Featured Technique

Featured Technique

Add to your repertoire of creative therapeutic interventions with this original technique.

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CAUTION: THIS TECHNIQUE IS FOR USE BY MENTAL HEALTH PROFESSIONALS WITH SPECIALIZED TRAINING IN CLINICAL WORK WITH CHILDREN AND FAMILIES.



Stop, Slow, Go

Source: Kathren L. Johnson


Treatment Issue: Social Skills
Recommended Age Range: Six to Ten
Modality: Individual, Group

Goals:

  • Learn to differentiate between acceptable and unacceptable behaviors
  • Identify behaviors that have an appropriate time or place
  • Identify and discuss black and white thinking

Materials:

  • White cardboard
  • Markers or crayon (red, yellow, and green)
  • Stop, Slow, Go behaviors (included)

Advance Preparation:
Make the traffic lights: Cut out three cardboard circles. Color one red, one yellow, and one green. Spread out the traffic lights on the floor (Red at the top, yellow in the middle, green on the bottom).

Description:
Discuss the traffic lights and the meaning of the red light for stop, the yellow light for slow, and the green light for go. Then explain that some behaviors are always appropriate (go behaviors), some behaviors are never appropriate (stop behaviors), and some behaviors require special permission or need the right timing (slow behaviors).

Read the list of stop, slow, and go behaviors one at a time, and have the client stand beside the appropriate traffic light. For example, sharpening a pencil would be a slow behavior, because a client should only sharpen his/her pencil during free time or with permission from the teacher.

Process the activity by asking the following questions:

  1. Name one go behavior that was identified in the game.
  2. Name one stop behavior that was identified in the game.
  3. What should you do if you are unsure if it is a stop or go behavior?
  4. What did you learn through this activity?

In addition to asking the above questions, it is important to address any issues that may have arisen during the process. For example, the family might have experienced a situation in which a parent or sibling drew on an area that another child had wanted to use. Or some family members might have taken more time than others to finish their turn, causing the others to feel impatient. The parents may have been tempted to make a decision for their child rather than allowing the child to make an independent choice about how to follow the directive.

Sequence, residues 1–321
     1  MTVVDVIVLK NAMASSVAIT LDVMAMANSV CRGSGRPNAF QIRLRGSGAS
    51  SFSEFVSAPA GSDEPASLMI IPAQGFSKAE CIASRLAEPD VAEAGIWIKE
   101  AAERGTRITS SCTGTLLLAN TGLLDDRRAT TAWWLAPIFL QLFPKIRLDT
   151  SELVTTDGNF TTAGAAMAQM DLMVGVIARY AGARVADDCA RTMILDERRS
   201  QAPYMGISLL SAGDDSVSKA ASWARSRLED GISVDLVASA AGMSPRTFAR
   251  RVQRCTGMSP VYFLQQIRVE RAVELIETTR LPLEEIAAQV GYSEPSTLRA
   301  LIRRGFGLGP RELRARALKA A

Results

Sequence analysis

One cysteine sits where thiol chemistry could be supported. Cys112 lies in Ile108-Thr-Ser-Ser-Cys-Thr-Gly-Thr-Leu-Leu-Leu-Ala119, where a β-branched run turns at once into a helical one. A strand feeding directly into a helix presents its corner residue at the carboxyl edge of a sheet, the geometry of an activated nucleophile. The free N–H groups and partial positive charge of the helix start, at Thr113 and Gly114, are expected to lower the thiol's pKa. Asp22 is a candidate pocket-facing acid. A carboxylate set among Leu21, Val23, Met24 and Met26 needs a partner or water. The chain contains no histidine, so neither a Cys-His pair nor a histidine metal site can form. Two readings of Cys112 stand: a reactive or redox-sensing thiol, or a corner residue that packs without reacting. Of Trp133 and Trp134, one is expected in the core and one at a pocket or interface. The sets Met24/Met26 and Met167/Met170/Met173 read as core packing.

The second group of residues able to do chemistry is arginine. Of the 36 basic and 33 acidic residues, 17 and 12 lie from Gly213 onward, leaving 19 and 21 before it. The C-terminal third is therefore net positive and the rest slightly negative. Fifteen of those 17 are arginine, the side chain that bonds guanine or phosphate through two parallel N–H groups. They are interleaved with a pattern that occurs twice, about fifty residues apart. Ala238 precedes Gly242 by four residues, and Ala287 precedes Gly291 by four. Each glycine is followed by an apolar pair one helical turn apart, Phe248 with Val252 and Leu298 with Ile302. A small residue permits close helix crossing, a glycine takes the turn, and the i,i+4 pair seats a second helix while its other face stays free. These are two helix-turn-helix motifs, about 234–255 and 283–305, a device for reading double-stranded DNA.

Discussion:
Clients with impulse control problems sometimes need help thinking through the appropriate timing for a behavior. Clients can also have problems with black or white thinking; a behavior is either right or wrong. This activity helps children, especially those new to the structured environment of school, understand that some behaviors, such as using the restroom, are okay at the right time.

About The Author
Kathren L. Johnson, MS, ALC, attended Lee University and completed an internship at Kid’s Talk Play Therapy Center. She currently works at Mental Health Care of Cullman in Alabama. She collaborates with the local child welfare agency to provide mental health care to foster children as well as to other children with behavioral and emotional needs.

Stop, Slow, Go

Behaviors

STOP BEHAVIORS


HIT A PERSON BECAUSE HE/SHE SAID SOMETHING MEAN TO YOU.

INTERUPT THE TEACHER WHILE HE/SHE IS TALKING.

YELL AT SOMEONE BECAUSE YOU ARE ANGRY WITH HER/HIM.

CHEAT ON A TEST (LOOK AT SOMEONE ELSE’S PAPER).

HAVE A TANTRUM.

SWEAR AT YOUR PARENT.

SLOW BEHAVIORS


TALK TO YOUR FRIENDS.

GO OVER TO THE NEIGHBOR’S HOUSE.

TELL A FIB.

CHANGE THE CHANNEL ON THE TV.

GO OUTSIDE/PLAY IN YOUR YARD.

HUG SOMEONE.

GO BEHAVIORS


TREAT OTHERS WITH RESPECT.

RAISE YOUR HAND BEFORE TALKING IN CLASS.

APOLOGIZE WHEN YOU MAKE A MISTAKE.

BE POLITE.

TRY YOUR HARDEST.

TELL A SAFE ADULT IF SOMEONE IS BULLYING OR HURTING YOU.

© Kathren L. Johnson

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